Presented by: 
Gary Haggard (Bucknell University)
Date: 
Mon 2 Sep, 2:00 pm - 2:45 pm
Venue: 
Otto Hirschfeld Building 81-214

Coloring graphs has intrigued mathematicians since the 4-Color Conjecture was first posed. One major attempt to confirm this conjecture in the 20th century involved a new mathematical structure called a chromatic polynomial. Although this structure did not yield a solution, it has taken on a life of its own as an important way to study graph coloring.

The use of mathematics and computer science blend together in the study of chromatic polynomials. The mathematics gives us insight into the nature of these polynomials and computer science gives us a way to explore nontrivial examples not amenable to hand calculation.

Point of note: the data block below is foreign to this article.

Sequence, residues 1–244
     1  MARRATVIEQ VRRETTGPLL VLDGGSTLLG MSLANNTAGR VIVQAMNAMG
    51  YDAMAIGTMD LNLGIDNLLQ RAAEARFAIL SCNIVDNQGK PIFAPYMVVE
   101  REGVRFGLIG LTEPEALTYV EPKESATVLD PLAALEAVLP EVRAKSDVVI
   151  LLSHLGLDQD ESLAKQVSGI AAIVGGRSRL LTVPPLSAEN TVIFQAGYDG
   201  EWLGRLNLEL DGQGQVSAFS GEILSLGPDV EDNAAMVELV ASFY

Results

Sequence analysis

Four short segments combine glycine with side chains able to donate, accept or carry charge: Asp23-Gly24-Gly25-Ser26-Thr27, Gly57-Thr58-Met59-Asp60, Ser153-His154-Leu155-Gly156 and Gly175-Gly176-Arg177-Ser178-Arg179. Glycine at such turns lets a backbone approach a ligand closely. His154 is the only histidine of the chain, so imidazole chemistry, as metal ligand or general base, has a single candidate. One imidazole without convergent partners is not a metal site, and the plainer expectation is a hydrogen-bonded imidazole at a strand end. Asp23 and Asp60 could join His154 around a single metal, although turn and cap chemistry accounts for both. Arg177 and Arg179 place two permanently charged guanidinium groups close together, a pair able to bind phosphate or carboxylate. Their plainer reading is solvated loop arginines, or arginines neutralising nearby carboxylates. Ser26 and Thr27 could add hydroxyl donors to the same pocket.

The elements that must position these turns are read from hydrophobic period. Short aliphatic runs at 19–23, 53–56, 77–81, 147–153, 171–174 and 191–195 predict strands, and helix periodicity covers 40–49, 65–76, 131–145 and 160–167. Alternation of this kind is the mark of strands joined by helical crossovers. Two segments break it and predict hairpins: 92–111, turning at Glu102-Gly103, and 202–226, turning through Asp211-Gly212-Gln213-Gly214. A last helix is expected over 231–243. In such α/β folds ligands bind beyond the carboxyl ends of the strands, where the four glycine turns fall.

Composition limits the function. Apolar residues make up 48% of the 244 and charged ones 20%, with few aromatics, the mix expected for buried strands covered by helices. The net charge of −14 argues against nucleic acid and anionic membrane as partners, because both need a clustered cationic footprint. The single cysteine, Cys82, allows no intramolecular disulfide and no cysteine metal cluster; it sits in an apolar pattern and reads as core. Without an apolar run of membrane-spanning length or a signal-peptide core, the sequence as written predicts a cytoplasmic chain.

Some of the open questions about these polynomials will be explored including when a polynomial is a chromatic polynomial and when is a chromatic polynomial the chromatic polynomial of exactly one graph.

The currently fastest algorithm for computing chromatic polynomialswill be explained. A theorem suggested by the results of a computation will be shown.